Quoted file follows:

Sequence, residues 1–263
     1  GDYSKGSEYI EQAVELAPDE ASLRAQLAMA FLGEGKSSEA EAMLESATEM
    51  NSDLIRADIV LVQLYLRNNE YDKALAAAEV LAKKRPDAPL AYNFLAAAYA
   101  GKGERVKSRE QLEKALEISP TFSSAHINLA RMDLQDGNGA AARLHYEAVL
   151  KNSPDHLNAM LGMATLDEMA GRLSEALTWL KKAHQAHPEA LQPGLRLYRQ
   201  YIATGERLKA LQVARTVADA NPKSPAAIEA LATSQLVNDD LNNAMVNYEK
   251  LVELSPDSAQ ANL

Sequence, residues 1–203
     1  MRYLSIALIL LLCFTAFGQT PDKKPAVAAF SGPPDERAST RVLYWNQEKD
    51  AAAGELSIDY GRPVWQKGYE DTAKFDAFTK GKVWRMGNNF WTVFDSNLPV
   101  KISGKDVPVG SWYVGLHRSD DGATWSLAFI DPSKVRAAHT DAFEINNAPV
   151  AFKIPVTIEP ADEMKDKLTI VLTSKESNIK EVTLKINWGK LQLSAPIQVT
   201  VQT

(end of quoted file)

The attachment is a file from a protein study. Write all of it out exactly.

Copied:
Sequence, residues 1–263
     1  GDYSKGSEYI EQAVELAPDE ASLRAQLAMA FLGEGKSSEA EAMLESATEM
    51  NSDLIRADIV LVQLYLRNNE YDKALAAAEV LAKKRPDAPL AYNFLAAAYA
   101  GKGERVKSRE QLEKALEISP TFSSAHINLA RMDLQDGNGA AARLHYEAVL
   151  KNSPDHLNAM LGMATLDEMA GRLSEALTWL KKAHQAHPEA LQPGLRLYRQ
   201  YIATGERLKA LQVARTVADA NPKSPAAIEA LATSQLVNDD LNNAMVNYEK
   251  LVELSPDSAQ ANL

Sequence, residues 1–203
     1  MRYLSIALIL LLCFTAFGQT PDKKPAVAAF SGPPDERAST RVLYWNQEKD
    51  AAAGELSIDY GRPVWQKGYE DTAKFDAFTK GKVWRMGNNF WTVFDSNLPV
   101  KISGKDVPVG SWYVGLHRSD DGATWSLAFI DPSKVRAAHT DAFEINNAPV
   151  AFKIPVTIEP ADEMKDKLTI VLTSKESNIK EVTLKINWGK LQLSAPIQVT
   201  VQT